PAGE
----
Directing the talent was relatively easy as we know each other well, though the small crew meant that did have to split my focus between directing, handling photography and lighting, operating one of the cameras and trying to hold schedule. Theres a fine balance to strike when you’re aiming for a subtle, understated performance. Cinema is invariably about the little things, and many stage actors I’ve met tend to overplay their expressions habitually, as suits the stage. The flip-side is underplaying to the point of audience boredom, or where the performance just isn’t working under the microscope of hyper-reality that is the camera. It’s half director and half actor really. Ill let you be the judge of how it turned out.

Knock Knock Production Still

The boom was improvised using the Rycote Universal Camera Kit attached to the end of a paint-roller pole, as my boom was elsewhere. The reflector is bouncing light from a 600LED panel, supporting the natural light a little when Sam sits back.

Onto the technical side of things, I kept shallow DOF shots to what I consider a tasteful level, shooting more often at f4 than f2 or wider. My reasoning is twofold: firstly, at the risk of sounding patronising, its not necessary to blur out the background all of the time. It’s a bit of a modern affectation. Secondly, films with non-stop ultra-shallow DOF and wandering focus are becoming extremely common and equally grating ever since the advent of large-sensor video, particularly DSLRs. The novelty, as it were, of being able to do it for cheap has worn off, and shallow DOF is back in the toolbox instead of always in the hand.

The Canon EOS 550D footage was captured using the Technicolor Cinestyle picture-profile, giving maximum dynamic range and more options in post for pre-desaturation grading, albeit at the expense of a little colour detail. My Canon 550D has the latest Magic Lantern firmware installed, and those whove not used it are missing out. I’ll post soon on the merits of the 550D above and beyond all the other Canon EOS models (yes, including the hobbling old 5D MKii, despite its subtle low-light advantage), so watch this space, but for the moment suffice it to say that Magic Lantern 550D is very powerful.

I used primarily natural light (as is my preference) but decide to boost the window slightly by using a 600LED panel, bouncing off a silver reflector. You can also see this in use in the shot towards the end, where Sam’s positioning meant the window light was too weak, so i gave it a kick with the LEDs. I also made use of some Rotolights in the short bedroom scene, and though the scenes where they were most effective were cut, they still gave a little push to the subject as he enters the room in the remaining shot.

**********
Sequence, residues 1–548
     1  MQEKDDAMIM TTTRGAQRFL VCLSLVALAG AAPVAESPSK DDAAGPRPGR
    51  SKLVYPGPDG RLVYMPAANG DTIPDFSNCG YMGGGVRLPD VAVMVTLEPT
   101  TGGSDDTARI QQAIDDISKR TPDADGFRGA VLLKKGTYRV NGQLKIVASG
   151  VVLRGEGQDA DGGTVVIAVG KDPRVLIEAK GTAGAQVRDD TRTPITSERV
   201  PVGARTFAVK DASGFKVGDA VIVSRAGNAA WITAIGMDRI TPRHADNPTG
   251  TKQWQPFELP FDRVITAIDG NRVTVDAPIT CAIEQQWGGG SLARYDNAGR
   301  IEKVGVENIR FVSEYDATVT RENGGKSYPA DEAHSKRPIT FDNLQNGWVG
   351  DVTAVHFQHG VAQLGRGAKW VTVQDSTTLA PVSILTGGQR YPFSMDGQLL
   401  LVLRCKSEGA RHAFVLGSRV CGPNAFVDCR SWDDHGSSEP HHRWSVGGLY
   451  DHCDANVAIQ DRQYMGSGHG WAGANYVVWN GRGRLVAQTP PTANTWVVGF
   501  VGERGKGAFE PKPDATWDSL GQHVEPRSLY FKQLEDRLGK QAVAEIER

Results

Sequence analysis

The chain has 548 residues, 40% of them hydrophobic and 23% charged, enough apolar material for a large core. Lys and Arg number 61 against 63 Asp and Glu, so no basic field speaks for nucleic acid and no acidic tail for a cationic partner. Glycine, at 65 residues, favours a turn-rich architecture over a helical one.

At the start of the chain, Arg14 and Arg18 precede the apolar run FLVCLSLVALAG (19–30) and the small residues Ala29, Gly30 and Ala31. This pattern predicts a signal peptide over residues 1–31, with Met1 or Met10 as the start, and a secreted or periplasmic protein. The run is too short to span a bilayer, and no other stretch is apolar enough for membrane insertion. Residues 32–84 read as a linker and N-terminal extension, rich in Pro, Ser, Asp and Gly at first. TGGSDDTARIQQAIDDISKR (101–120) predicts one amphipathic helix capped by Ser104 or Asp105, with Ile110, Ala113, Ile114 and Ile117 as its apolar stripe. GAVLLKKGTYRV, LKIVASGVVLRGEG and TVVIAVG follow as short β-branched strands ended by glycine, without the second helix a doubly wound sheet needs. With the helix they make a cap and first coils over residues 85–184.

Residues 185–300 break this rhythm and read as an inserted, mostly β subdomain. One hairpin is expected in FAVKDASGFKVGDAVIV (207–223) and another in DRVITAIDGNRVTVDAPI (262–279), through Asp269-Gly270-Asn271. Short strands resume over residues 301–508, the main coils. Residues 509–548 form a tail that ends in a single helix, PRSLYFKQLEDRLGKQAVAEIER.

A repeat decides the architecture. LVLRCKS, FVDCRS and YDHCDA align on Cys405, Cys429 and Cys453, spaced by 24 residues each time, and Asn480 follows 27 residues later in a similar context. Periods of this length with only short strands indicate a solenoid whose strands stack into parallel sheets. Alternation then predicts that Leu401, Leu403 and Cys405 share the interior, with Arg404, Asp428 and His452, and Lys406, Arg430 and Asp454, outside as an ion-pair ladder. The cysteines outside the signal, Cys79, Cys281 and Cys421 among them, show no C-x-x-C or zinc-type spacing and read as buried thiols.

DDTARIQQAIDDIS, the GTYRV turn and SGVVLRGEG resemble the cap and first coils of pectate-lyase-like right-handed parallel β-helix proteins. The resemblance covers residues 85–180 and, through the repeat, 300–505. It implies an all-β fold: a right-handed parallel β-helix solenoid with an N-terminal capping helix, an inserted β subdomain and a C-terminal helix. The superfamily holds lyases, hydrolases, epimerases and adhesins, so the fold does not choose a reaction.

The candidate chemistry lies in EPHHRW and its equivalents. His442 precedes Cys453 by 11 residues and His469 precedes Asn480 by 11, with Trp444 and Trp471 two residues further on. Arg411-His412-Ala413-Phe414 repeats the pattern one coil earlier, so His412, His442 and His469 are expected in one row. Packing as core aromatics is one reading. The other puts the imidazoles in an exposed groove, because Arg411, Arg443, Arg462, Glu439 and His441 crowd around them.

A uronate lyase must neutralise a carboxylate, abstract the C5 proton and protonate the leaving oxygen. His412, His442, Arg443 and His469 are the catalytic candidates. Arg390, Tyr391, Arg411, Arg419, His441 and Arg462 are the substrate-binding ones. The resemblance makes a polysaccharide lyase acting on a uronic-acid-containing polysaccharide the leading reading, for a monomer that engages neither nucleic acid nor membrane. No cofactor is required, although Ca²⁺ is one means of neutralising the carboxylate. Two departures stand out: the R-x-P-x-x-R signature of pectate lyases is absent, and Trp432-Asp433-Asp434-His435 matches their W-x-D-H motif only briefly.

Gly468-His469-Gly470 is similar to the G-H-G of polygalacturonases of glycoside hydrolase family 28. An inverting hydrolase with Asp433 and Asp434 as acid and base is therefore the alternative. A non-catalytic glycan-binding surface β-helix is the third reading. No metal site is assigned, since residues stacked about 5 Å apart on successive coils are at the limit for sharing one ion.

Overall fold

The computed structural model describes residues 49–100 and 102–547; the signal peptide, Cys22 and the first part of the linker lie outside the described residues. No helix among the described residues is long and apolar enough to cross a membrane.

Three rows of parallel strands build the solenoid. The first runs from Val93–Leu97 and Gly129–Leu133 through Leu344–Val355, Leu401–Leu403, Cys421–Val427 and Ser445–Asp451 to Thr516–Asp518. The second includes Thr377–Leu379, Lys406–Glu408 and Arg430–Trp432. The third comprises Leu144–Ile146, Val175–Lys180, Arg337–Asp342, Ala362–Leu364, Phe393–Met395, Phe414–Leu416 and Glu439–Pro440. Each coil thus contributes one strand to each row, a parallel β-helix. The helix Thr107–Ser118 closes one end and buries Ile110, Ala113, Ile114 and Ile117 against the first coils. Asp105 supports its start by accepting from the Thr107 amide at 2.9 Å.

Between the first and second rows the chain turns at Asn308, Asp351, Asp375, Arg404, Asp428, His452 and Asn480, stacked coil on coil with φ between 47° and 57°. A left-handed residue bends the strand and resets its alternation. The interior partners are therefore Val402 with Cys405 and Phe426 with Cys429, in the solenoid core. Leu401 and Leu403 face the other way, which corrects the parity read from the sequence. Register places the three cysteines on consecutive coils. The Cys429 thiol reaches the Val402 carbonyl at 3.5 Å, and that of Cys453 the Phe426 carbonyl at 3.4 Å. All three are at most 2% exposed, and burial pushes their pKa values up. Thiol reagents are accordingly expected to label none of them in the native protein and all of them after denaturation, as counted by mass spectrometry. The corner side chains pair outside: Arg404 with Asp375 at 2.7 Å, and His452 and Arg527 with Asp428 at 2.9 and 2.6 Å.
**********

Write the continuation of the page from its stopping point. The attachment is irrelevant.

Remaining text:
As usual my Gorrilapods were unbelievably useful: holding cameras, functioning as a lightweight rig (when equipped with a quick release plate), and even supporting the DR100 during foley. Just go and buy some already! They cost next to nothing on eBay. The Sony HX9V eats batteries pretty quickly, so if you do buy one be sure to pick up a cheap Chinese spare and wall charger from eBay, or youll be kicking yourself when it dies mid-take.  The flashback shots were picked-up a few days later, after the edit was completed, and slotted in nicely. I used a Polaroid Variable Fader ND filter with the Canon. It’s not the sharpest variable ND but it costs very little and is easily good enough for the already soft EOS footage.

Magic Lantern 550D

Here you can see Magic Lantern for the 550D. Note the 2.35:1 cropmarks (red lines), audio meters, and picture-in-picture zoomed focus adjustment. Eat my dust, 5D Mkii…

Sound recording wasn’t perfect on the day, so I returned a few days after to pickup some foley, including bed tracks for the atmospheric sounds in the room, cigarette smoking, ashtray, phone ringing; all sorts! These allowed me to rebuild the sound in Adobe Audition when it came to post-production. I was a sound and music producer for a long time before I made film (about 11 years now), so I understand how hard it is when you’re presented with a dirty mix or track and have no material with which to patch it. A quick tip for you if you’re a film maker who doesn’t handle audio: sound is half of your film, neglect it at your peril. The final mix for Knock Knock was over 30 audio tracks, finely balanced to work with the edit and atmosphere of the piece as a whole. You can theorhetically get away with less, but why would you want to?

Knock Knock foley recording

I realised sound was going to need plenty of work in post production, so I decided to capture beds of each of the separate atmospheric tracks. Here I’m recording the hapless chirping of doomed crickets.



The Edit

Note: Ive written extensively about video editing, albeit for music promos, in Sound On Sound magazine here.

Shout it from the hills and let it be known! Adobe CS5.5, the king of speed! No other NLE software has such speedy, native editing of pretty much any codec you can throw at it. My system is no slouch, but I was able to drop HX9V footage straight into the timeline and edit natively with no problem at all. Cutting alongside 550D footage was simple enough, though of course 550D footage has a much greater dynamic range, while the HX9V footage is a hell of a lot sharper. Given all the narrative hints I wanted to include, the edit was quite a tight squeeze. As mentioned in the Sound On Sound article, the key to a quick edit when you have a lot of rushes is organising those rushes effectively. Yes its dull, but when you want emthat/em shot, youll know where to go and that’ll save you time. Of all the stages, the edit was the biggest challenge, and really did come down to individual frame shifts for some shots.